In his end analysis in this study, he found that Native Americans and Whites high school seniors had the highest rates of using cigarettes, alcohol, and illicit drugs while Asian and Black students had the lowest amount of drug use besides using marijuana. The Hispanic community was referred to as the highest use of cocaine among the male groups but the rest of substance use comes out neutral.
In the article, Drugs and Youth Cultures: Is Australia Experiencing the ‘Normalization’ of Adolescent Drug Use? y Cameron Duff, explores the shift in the meaning and culture of adolescent drug use, contrasting developments in the United Kingdom and Australia. Duff interest is to answer the question. Duff gathered information from Howard Park’s ‘normalization thesis. ‘ Duff argues that “Parker’s approach has some value with the changing nature of adolescent drug use in Australia,” (Duff, 33). He wants to explain the shifts among adolescent’s drug use by using two contemporary debates among Sociology and cultural studies.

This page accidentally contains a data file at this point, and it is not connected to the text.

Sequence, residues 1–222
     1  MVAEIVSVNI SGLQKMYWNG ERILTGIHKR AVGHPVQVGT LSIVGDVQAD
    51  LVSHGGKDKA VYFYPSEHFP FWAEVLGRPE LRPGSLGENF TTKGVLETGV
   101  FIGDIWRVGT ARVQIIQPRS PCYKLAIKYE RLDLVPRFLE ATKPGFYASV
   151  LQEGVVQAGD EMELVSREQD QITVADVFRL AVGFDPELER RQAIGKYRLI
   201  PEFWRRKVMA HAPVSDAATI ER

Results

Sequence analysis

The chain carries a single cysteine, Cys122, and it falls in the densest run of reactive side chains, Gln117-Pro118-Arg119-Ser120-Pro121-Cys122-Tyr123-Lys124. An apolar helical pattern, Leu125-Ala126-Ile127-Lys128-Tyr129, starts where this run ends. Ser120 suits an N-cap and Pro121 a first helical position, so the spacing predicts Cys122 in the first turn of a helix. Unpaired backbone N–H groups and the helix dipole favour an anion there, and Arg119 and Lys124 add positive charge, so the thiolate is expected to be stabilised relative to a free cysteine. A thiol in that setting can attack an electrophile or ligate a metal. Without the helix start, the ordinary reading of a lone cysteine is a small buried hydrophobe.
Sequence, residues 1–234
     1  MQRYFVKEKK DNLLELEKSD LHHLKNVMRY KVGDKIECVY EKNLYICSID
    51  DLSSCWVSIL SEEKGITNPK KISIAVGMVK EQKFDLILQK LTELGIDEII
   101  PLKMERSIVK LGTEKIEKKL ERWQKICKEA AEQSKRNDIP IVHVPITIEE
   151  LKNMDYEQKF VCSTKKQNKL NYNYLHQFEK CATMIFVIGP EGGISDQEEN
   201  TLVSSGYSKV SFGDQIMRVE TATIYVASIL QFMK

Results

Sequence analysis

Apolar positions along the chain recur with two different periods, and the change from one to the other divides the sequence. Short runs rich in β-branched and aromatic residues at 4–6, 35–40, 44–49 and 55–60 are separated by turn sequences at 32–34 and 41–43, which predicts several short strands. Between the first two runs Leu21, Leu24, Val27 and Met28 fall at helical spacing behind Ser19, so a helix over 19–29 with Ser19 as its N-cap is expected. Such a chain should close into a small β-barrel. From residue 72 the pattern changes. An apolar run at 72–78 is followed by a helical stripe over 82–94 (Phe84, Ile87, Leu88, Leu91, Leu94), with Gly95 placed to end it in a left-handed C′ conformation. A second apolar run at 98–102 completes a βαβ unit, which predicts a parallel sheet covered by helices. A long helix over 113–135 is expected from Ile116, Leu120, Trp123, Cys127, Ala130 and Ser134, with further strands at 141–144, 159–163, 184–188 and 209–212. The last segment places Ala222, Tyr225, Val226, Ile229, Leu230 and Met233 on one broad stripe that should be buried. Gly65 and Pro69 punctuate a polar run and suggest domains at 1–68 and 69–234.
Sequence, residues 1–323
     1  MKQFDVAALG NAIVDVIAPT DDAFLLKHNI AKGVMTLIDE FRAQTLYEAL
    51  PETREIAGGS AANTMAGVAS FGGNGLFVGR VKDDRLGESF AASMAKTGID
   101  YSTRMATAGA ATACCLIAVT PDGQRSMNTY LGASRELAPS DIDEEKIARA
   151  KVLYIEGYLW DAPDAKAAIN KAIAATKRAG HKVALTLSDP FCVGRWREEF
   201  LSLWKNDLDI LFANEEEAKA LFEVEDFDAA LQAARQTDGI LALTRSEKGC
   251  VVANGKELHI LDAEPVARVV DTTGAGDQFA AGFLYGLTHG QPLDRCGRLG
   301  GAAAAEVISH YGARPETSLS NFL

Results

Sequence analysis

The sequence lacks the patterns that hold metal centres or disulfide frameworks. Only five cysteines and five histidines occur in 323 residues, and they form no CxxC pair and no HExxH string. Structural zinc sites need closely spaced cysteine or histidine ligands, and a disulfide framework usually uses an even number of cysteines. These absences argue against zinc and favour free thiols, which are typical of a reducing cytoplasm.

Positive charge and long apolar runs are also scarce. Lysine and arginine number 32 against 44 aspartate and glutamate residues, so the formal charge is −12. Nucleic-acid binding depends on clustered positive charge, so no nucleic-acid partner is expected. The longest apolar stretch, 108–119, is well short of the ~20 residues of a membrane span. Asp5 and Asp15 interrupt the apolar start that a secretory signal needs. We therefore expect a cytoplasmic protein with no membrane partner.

Duff concludes that the more attention there is in the identity formation within adolescent cultures, it will influence a better understanding of the changes that drug use is within the culture of the adolescent. In this topic, involving the influence of the popular culture, I was not able to find existing literature to help support my hypothesis that hit television shows or hit songs promote the usage of substance use to be normalized among high schoolers ut I did find articles that support my hypothesis but with no evidence to back it up.
I have predicted that popular culture has an influence on high schoolers and I will be using one of the theories above to show a correlation among these two variables. THEORETICAL FRAMEWORK The social learning perspective is the principal that humans pick up a lot of their behavior from observing other people (Social Learning and Rehab). Substance abuse, according to Victor Shaw, in his book Substance Use and Abuse: Sociological Perspectives, “the social learning perspective claims that substance use is a learned behavior,” (Shaw, 179).